Outrage in Germany as Adidas and H&M stop rent payments

People walk past an H&M store in Riga, Latvia. (Reuters/File)
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Updated 30 March 2020

Outrage in Germany as Adidas and H&M stop rent payments

  • Leading companies urged to refrain from taking rash decision that could hurt property owners

FRANKFURT: Global retailers including Adidas and H&M sparked outrage in Germany on Sunday after announcing they planned to stop paying rent on stores that have been forced to close over the coronavirus outbreak.

Finance Minister Olaf Scholz urged leading companies to refrain from taking rash action that could hurt property owners.
“It’s irritating when large companies simply announce a halt on paying rent,” Scholz told the Bild daily, urging retailers to reach out to landlords to find solutions. “Now is the time to work together,” he said.
The retailers’ move comes after the German government unveiled a major rescue package to protect companies and jobs from the economic impact of the pandemic.
It includes a provision that temporarily shields tenants from being kicked out of their homes or business properties if they experience financial hardship over the coronavirus measures.
But Justice Minister Christine Lambrecht warned company bosses not to take advantage.
“It is indecent and unacceptable if financially strong firms now just stop paying their rents,” she said in Berlin on Saturday.

BACKGROUND

● The retailers’ move comes after the German government unveiled a major rescue package to protect companies and jobs from the economic impact of the pandemic.

● It includes a provision that temporarily shields tenants from being kicked out of their homes or business properties if they experience financial hardship over the coronavirus measures.

● Justice Minister Christine Lambrecht warned company bosses not to take advantage.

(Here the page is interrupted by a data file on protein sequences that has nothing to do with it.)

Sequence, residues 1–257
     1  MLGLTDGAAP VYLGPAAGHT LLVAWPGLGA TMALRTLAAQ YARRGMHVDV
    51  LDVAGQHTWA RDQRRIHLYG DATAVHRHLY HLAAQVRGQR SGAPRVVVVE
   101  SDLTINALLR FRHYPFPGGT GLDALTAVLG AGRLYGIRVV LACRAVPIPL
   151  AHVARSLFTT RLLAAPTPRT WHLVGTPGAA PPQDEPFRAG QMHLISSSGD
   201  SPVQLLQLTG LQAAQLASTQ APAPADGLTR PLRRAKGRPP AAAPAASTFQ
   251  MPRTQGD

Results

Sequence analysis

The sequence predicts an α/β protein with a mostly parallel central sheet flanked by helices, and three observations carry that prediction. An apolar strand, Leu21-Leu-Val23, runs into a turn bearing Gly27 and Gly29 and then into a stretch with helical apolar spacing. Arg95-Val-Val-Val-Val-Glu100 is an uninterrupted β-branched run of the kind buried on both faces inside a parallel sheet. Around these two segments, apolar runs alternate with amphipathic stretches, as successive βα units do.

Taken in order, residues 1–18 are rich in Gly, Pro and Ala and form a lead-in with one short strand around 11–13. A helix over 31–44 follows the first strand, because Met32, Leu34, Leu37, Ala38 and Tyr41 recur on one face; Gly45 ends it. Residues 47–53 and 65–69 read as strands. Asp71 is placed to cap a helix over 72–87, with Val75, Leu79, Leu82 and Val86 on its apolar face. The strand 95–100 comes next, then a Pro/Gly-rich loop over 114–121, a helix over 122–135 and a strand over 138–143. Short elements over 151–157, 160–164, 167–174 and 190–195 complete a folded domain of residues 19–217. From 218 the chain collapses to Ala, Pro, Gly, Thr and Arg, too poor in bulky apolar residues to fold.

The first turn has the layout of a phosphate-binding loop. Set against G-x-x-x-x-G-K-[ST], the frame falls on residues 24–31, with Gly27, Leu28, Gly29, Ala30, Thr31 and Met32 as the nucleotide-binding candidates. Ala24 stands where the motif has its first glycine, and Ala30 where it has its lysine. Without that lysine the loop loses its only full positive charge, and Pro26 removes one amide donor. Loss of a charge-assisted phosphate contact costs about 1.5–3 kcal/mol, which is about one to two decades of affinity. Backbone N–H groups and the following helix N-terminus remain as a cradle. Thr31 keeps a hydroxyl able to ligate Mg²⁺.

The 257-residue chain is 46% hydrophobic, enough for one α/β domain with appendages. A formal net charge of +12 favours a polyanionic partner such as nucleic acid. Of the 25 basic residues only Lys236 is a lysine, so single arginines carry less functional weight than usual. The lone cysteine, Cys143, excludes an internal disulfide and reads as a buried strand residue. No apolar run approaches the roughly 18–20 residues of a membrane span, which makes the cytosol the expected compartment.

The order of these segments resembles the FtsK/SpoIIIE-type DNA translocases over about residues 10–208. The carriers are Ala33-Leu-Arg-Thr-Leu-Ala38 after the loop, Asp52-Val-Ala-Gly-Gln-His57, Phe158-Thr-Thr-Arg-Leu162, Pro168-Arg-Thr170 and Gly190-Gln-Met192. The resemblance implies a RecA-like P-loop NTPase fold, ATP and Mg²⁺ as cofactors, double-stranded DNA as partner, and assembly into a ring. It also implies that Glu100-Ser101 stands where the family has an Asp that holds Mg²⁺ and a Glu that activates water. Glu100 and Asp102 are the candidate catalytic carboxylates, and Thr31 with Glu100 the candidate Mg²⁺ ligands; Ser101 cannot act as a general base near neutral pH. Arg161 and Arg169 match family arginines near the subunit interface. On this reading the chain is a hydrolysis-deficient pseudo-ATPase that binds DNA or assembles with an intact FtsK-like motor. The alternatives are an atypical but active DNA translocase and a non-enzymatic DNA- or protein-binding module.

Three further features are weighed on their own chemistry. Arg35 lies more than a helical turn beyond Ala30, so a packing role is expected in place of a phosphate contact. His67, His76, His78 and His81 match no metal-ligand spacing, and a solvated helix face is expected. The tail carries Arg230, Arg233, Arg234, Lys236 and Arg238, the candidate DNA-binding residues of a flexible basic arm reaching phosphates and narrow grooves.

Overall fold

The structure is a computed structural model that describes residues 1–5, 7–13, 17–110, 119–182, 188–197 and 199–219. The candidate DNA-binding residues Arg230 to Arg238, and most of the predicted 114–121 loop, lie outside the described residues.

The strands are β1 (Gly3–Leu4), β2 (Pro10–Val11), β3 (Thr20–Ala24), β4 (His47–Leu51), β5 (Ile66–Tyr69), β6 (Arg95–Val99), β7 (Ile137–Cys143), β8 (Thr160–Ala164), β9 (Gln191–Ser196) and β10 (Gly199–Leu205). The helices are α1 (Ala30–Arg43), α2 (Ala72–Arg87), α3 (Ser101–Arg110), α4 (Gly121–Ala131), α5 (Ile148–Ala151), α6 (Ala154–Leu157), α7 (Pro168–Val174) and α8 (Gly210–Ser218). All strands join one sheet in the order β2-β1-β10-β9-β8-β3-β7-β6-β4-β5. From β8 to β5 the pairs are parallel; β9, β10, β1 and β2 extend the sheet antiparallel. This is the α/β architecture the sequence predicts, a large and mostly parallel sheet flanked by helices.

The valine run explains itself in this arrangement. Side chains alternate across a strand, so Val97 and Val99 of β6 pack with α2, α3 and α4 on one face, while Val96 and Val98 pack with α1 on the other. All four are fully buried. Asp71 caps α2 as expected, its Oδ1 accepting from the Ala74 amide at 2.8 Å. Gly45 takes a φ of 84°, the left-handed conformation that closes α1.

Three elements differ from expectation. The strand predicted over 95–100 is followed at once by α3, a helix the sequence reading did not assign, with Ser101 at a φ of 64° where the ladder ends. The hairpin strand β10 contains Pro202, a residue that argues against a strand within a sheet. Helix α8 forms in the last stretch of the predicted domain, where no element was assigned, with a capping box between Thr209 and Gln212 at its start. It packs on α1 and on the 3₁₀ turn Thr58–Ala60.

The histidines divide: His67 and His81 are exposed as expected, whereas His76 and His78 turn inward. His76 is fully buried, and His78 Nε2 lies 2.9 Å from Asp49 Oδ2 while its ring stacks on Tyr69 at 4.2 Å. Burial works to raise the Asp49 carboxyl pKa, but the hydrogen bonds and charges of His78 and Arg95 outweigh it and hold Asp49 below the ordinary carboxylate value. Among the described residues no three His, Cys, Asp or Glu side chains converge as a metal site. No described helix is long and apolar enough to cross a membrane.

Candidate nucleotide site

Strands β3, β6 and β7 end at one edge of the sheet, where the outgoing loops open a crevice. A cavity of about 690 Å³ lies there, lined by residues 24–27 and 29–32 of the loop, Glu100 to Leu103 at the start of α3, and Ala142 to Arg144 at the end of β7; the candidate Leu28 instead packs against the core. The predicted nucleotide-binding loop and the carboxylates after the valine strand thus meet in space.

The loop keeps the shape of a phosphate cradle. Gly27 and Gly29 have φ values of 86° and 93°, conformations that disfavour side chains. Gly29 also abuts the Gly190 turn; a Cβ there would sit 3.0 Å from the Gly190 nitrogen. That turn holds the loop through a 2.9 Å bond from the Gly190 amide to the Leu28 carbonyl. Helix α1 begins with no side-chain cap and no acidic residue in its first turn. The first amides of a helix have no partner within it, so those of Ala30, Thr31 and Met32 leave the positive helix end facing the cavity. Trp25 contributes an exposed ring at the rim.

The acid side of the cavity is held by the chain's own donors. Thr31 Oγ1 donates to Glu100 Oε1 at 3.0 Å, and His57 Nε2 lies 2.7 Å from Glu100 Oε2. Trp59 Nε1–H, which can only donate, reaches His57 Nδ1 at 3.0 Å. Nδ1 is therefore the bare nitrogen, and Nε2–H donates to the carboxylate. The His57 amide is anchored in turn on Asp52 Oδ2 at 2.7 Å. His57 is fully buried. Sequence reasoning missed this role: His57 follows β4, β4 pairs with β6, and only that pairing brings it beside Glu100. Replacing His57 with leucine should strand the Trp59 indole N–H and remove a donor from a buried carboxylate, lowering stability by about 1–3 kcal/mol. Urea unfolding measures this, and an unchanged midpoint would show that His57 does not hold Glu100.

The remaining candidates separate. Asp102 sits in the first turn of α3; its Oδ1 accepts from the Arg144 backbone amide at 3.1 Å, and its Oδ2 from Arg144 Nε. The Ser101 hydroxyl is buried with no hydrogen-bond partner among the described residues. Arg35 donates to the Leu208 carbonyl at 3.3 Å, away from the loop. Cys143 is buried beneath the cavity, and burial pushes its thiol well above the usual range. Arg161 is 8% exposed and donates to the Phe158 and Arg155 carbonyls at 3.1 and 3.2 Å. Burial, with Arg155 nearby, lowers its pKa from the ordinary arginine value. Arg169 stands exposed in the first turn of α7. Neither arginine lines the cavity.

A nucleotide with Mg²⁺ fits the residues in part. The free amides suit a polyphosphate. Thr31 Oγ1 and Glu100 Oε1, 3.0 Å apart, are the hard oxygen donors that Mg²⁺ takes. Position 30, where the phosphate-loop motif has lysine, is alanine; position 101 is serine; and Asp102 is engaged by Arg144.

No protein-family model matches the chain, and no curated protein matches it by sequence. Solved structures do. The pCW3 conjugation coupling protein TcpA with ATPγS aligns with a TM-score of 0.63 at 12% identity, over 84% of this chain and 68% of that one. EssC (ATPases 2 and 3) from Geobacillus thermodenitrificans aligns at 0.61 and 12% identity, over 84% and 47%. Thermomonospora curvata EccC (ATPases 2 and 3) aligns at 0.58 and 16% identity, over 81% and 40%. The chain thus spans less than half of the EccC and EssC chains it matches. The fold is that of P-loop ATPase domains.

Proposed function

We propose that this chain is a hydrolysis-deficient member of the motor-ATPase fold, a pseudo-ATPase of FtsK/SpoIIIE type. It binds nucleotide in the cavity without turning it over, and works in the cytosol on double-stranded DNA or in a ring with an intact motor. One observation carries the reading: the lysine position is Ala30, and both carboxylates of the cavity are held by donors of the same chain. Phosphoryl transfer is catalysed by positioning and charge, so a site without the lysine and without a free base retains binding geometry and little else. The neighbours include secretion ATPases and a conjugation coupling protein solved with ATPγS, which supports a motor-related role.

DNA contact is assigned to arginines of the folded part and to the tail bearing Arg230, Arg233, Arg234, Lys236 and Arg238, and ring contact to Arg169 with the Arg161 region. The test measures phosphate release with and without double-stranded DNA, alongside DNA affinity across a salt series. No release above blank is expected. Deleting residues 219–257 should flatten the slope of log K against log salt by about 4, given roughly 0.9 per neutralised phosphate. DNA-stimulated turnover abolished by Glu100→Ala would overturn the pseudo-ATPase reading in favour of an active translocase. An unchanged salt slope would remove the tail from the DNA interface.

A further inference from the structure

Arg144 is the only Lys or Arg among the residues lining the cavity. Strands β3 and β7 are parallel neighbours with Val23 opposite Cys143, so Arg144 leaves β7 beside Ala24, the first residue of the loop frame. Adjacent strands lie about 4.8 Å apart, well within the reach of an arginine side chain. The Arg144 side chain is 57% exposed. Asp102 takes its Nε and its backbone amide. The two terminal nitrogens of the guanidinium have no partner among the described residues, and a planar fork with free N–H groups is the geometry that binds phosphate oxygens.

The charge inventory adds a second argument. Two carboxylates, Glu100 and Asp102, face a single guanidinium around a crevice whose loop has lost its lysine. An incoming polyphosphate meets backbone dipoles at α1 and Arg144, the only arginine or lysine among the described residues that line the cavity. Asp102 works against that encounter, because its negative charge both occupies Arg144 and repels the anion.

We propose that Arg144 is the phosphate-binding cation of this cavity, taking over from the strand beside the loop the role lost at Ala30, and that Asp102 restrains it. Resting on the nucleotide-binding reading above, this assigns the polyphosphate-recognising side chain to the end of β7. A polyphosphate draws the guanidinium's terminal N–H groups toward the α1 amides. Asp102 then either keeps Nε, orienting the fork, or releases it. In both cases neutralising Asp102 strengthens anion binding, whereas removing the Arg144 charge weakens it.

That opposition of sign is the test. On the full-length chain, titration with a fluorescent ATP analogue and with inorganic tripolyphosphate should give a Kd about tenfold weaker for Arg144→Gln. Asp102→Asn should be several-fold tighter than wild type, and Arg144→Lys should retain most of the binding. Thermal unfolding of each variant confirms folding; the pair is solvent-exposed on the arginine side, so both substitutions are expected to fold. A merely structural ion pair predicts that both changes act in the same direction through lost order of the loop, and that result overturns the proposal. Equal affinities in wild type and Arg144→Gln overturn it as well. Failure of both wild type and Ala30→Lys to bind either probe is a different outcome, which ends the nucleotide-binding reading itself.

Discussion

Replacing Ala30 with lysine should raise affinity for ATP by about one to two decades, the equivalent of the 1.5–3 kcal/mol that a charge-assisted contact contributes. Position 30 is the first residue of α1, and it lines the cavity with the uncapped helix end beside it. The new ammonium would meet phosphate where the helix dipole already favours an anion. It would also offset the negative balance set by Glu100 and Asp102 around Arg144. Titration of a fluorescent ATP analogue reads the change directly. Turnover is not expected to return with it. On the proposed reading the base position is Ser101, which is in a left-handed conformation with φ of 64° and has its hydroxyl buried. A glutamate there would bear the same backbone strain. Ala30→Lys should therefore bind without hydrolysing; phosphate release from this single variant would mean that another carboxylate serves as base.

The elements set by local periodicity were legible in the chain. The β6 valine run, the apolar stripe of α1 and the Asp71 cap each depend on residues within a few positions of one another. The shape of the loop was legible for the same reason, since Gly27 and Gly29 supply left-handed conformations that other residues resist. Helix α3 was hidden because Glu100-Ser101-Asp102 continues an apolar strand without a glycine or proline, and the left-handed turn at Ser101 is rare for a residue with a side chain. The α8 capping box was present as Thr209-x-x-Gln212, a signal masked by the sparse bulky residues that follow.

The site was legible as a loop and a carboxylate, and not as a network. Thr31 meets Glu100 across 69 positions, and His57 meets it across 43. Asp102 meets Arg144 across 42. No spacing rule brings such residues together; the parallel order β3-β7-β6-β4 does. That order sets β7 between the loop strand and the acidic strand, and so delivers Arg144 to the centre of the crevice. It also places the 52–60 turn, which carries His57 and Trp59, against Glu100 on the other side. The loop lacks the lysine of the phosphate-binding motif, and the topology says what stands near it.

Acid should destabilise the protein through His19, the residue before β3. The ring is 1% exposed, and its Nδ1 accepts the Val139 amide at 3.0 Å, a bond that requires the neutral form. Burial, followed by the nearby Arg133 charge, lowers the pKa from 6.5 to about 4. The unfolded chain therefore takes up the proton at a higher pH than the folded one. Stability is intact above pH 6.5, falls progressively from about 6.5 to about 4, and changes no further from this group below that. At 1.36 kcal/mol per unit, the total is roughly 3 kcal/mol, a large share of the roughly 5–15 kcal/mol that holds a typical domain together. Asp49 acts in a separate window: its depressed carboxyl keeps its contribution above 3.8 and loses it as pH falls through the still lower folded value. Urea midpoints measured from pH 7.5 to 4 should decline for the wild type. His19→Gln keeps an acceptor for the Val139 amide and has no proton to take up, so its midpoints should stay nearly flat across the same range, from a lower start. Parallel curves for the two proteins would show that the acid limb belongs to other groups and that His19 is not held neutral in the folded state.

German sportswear maker Adidas, which made a net profit of nearly €2 billion ($2.2 billion) in 2019, has been hard hit by a slump in Chinese sales and massive store closures.
The Bavarian company, one of Germany’s best-known brands, told DPA news agency that it was “temporarily suspending rental payments, just like many other companies.”
German Transport Minister Andreas Scheuer told Bild he was “disappointed by Adidas,” pointing out that many small, private landlords would be left out of pocket. Swedish clothing giant H&M said it too would not be paying rent on its roughly 460 closed stores in Germany, telling DPA that it had informed landlords and hoped to find “a mutually acceptable solution” soon.
German shoe store chain Deichmann intends to suspend rent and service charges from April for the duration of the government-ordered closures.
A spokesman for the Essen-based company told DPA that it expected those with political responsibility “to compensate for the lost rental income of the affected parties.”
Other German media outlets reported that electronics retailers Saturn and MediaMarkt as well as Adidas rival Puma also planned to halt their rent payments for now.


EU pledges to stay green in virus recovery

Updated 29 May 2020

EU pledges to stay green in virus recovery

  • To help economies from the 27-nation bloc bounce back as quick as possible